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I do find reviews of products helpful in determining if I should, at least consider further, buying it. I do find some reviews helpful and some not so helpful. This book, like others, provides information to help the people willing to do some work for themselves find their own specific answers. There ARE NO resources that provide all the answers for any of us. If you're in foreclosure, the redemption period, or just considering letting your house go, and you find yourself reading these reviews pay close attention to what you are about to read: LEARN YOUR RIGHTS guaranteed by the Bill of Rights! If you read them, and learn what they mean to you, you will realize that no states get any better deals than any other state. You will also learn that ALL foreclosures today are violating our 4th, 5th, 7th, and 14th amendment rights. That's right - unless you had a trial by jury for your foreclosure, the company/servicer/lawyer-debt collector etc. STOLE YOUR HOME!!! What's even more disappointing is that when you signed your promissory note, your house had already been paid for....10 times! It's called fractional reserve lending. Also, since 1933 the United States has been in bankruptcy. Under the laws of bankruptcy, no new debt can be created (check it out for yourself). Why then should the government or banks or companies be allowed to create new debt? Because they found ways to word the contracts such that conform to certain guidelines that sound fine on paper, but then do as they want afterwards. Check out mortgage securities fraud. As soon as your mortgage is sold or assigned to another company, or servicer, your mortgage in no longer valid. That's because the originator of your loan sells it's interest in the loan.Read more ›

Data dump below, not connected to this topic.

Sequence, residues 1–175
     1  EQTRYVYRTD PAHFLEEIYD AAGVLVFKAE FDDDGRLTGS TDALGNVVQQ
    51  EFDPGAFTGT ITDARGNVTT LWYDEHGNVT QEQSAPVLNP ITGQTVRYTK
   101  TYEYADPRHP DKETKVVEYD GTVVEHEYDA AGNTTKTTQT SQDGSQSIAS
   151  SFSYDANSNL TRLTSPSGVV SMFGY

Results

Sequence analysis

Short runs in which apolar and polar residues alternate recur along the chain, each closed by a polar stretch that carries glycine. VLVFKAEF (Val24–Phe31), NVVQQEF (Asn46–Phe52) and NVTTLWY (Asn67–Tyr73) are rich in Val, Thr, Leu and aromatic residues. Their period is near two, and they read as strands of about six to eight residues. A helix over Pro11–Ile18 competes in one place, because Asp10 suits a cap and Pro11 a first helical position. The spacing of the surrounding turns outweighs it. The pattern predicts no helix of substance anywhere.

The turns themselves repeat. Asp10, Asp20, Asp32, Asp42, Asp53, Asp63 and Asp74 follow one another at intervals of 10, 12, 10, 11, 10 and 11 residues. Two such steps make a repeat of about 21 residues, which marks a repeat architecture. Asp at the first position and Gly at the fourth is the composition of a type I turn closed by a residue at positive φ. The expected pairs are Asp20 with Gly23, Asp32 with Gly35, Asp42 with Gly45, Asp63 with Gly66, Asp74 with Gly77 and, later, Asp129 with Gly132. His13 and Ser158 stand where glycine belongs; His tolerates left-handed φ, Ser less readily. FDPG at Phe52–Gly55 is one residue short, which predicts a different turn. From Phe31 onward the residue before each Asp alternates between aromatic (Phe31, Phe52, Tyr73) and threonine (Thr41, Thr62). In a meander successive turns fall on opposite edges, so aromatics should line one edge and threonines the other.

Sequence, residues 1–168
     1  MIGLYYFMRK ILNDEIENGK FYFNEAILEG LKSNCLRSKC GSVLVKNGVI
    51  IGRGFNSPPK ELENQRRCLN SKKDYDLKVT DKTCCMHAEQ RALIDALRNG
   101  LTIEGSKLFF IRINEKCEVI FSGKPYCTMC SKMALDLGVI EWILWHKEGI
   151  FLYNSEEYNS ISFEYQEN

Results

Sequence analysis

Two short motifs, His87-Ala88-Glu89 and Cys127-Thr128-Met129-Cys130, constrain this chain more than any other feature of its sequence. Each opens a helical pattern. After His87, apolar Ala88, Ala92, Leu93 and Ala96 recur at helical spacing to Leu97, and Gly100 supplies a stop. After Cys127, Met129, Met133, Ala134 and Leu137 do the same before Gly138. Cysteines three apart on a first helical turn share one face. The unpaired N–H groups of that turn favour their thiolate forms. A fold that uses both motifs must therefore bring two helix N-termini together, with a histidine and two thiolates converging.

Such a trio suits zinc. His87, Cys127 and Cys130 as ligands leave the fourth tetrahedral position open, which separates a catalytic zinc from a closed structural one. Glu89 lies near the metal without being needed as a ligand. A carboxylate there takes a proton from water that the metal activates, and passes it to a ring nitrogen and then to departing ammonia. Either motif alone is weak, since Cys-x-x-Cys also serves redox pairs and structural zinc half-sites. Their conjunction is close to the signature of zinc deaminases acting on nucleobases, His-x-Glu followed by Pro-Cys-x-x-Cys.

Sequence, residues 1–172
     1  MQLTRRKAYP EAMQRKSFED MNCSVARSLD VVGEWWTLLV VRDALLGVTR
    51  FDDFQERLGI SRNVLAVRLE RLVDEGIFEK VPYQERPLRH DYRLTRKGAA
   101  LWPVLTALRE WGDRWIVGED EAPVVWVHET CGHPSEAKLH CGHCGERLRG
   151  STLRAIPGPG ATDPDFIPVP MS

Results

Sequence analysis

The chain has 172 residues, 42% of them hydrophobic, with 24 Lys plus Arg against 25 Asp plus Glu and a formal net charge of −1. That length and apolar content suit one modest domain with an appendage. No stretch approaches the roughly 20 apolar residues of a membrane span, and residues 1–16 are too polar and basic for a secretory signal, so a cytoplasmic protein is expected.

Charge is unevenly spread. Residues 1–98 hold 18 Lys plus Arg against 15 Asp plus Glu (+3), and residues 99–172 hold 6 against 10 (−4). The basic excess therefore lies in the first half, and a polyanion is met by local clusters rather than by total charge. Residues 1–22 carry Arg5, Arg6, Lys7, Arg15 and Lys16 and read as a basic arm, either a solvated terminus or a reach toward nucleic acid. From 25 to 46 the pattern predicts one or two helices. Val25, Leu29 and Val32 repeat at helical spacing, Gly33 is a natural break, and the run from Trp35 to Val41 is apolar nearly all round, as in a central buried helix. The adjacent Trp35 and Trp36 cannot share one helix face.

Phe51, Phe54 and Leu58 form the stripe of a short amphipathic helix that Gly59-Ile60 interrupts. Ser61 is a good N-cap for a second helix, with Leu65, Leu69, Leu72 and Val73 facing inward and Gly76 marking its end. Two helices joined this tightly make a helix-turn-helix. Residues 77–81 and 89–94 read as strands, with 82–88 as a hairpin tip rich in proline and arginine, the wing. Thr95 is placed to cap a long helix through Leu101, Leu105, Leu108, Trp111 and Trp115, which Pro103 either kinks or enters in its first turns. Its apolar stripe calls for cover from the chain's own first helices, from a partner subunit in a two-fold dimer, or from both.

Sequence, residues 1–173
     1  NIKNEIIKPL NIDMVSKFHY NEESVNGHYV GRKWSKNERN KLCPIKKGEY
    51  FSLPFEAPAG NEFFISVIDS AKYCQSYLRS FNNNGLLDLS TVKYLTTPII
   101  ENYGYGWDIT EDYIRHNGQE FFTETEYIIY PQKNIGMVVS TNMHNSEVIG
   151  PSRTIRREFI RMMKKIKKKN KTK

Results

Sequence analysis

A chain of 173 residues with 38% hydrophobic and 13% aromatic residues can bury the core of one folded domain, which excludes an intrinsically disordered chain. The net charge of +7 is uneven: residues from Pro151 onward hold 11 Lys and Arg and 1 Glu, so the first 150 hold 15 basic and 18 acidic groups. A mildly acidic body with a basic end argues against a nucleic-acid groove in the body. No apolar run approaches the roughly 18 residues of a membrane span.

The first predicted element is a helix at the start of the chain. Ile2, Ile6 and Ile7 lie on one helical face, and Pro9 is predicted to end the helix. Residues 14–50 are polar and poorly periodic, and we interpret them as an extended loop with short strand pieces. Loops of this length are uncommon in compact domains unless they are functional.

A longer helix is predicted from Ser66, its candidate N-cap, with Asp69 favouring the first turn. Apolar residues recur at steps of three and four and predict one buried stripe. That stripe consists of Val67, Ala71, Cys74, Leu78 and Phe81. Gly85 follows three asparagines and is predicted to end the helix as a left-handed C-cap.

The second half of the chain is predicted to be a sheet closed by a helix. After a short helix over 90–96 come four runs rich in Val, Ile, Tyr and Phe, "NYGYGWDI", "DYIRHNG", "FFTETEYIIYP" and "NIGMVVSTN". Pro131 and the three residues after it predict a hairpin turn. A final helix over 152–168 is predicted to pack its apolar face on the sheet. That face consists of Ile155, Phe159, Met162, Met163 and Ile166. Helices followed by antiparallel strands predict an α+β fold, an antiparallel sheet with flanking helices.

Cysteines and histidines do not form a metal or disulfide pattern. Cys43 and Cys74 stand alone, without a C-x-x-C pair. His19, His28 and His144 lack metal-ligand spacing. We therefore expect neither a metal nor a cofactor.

I bought this book several months ago because I volunteered to help some friends of mine who went into foreclosure. My job was initially to be the person to make phone calls to the bank and try to renegotiate the loan, but the clock was ticking on the court case. We did consult an attorney at first, whose advice was basically "You're screwed - put them off as long as you can and try to short sell or try to get a forbearance and restructure." When the bank proved nearly impossible to deal with (we were pushed back to square one twice already), I ordered this book to get ideas on how to hold the hounds at bay until we had time to get through to someone at the bank that would or could make a decision.
After reviewing the book, I didn't feel confident handling the filings myself, so we found another attorney, gave her the book, explained our possible defenses and she went to work. That was several months ago.
Yesterday, the case was dismissed! Believe me, if you're in foreclosure, you NEED THIS BOOK!